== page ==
Change is hard. Whether it’s having that hard talk with an inactive board member or realizing you need better management of your association, addressing the problem is easy to put off, especially considering your volunteer status. But what if you, a board member, have the guts to bring up a hard subject? You could end up a hero or heroine for your trade group or charity.

Getting your volunteer board of directors to admit there’s a problem with its management could be the beginning of a revitalization of your nonprofit. Perhaps others in your group share a sense that you deserve better. Oh, but there are alliances, aren’t there. You all know what I’m talking about; your executive director is extraordinarily close to one of the board members or, worse, is a relative. (I’m going to avoid other scenarios here, but you get the point.)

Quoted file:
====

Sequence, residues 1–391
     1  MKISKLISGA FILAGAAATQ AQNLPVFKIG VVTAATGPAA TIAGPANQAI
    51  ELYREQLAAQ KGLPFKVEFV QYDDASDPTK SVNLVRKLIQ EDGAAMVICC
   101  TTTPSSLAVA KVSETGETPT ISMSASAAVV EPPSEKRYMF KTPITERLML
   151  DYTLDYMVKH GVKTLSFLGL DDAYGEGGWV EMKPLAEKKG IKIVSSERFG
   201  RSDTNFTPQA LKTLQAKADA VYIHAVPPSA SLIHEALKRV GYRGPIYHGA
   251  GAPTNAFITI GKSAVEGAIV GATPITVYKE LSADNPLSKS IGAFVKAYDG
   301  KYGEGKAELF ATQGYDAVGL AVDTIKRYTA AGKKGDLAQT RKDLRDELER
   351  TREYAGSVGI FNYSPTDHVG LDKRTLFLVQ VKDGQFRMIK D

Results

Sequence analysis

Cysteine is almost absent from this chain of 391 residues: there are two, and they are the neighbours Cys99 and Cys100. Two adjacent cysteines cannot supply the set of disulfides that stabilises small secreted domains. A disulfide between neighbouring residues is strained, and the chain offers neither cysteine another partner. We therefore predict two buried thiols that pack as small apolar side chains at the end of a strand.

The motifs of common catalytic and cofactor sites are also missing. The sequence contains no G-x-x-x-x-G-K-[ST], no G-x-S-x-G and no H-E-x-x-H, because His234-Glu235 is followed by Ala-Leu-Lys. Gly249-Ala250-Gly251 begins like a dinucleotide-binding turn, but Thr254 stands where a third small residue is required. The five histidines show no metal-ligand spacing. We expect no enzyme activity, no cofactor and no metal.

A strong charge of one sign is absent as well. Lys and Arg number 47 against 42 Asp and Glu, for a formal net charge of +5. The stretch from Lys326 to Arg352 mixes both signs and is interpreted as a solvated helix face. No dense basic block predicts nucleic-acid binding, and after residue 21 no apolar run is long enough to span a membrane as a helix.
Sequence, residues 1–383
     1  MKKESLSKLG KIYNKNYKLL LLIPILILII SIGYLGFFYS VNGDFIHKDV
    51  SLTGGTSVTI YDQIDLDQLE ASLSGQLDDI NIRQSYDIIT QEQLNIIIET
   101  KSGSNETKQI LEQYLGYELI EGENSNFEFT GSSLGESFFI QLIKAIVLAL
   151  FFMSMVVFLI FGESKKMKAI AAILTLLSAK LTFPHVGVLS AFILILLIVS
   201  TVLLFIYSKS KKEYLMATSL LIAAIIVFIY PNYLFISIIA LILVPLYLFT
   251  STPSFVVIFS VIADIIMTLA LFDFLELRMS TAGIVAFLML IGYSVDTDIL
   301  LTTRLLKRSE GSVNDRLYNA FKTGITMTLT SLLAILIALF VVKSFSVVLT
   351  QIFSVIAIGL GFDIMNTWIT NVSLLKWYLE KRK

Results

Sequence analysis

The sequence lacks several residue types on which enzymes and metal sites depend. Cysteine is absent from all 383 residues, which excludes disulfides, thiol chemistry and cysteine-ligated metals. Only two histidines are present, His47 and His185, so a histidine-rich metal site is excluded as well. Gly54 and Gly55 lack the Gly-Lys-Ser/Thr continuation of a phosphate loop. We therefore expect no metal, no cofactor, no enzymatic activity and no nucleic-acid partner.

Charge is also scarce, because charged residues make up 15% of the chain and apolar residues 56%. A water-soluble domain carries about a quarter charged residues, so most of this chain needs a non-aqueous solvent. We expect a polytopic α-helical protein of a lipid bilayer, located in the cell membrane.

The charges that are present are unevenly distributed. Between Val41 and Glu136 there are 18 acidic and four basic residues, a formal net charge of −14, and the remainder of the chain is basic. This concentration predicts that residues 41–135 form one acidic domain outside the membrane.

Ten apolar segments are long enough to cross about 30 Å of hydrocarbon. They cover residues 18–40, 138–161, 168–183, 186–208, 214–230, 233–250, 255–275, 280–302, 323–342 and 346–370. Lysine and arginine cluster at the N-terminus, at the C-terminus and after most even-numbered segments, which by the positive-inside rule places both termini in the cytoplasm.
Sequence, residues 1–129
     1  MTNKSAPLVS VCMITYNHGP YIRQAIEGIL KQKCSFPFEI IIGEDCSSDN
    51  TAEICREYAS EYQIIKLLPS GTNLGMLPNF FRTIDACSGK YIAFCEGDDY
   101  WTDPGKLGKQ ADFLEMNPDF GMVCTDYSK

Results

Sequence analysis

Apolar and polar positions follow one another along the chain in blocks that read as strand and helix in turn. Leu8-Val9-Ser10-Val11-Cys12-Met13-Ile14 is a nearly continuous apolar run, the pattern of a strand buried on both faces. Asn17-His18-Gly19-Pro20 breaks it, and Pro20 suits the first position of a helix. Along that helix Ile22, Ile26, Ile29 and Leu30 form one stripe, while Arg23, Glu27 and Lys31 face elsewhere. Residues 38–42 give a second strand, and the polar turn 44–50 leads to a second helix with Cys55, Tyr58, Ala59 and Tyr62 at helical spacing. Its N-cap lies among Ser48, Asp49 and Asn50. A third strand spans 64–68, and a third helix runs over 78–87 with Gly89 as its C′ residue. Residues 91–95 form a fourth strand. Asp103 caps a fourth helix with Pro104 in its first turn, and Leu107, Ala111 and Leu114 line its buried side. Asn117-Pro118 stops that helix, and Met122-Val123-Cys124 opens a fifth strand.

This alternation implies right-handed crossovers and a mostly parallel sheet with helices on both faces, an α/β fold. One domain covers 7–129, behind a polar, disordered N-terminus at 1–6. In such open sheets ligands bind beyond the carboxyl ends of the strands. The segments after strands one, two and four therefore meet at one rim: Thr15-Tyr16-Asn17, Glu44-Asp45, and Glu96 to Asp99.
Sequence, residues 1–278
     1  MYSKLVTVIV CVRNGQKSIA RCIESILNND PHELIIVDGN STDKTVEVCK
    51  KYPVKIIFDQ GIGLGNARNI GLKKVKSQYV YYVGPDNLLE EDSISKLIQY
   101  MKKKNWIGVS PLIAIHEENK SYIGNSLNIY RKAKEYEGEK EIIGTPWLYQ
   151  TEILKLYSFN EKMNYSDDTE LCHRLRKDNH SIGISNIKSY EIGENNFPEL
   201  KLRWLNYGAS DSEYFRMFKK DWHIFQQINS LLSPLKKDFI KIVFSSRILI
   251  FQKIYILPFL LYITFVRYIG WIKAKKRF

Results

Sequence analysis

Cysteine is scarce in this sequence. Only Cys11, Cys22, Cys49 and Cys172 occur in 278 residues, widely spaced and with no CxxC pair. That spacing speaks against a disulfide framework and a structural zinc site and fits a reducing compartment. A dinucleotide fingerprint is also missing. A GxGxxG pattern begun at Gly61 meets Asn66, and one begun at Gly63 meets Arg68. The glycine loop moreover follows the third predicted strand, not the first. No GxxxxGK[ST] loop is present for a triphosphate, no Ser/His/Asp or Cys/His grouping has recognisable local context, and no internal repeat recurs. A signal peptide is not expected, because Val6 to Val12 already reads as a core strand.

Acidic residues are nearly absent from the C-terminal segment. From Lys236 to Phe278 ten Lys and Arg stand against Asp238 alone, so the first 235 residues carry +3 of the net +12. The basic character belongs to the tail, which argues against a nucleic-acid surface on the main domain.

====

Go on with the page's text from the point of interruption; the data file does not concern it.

I’m going to help you over the decision hump by reminding you that your primary job as a nonprofit board member is the fiduciary responsibility for handling members’ and supporters’ money. Are you spending it the very most productive way? Are you returning top value to those who have entrusted their money to you?

You and your nonprofit deserve the best in management, financial transparency, long range planning, event production, communication and membership services. If you wonder if there might be better services out here, you need to put on your leadership cape and bring up the hard subject. There’s time to investigate AMCs, have them send in proposals. Do it before finalizing the 2020 budget. Next year and beyond will prove that you did the right thing.

Nothing will change if you’re lazy or chicken.

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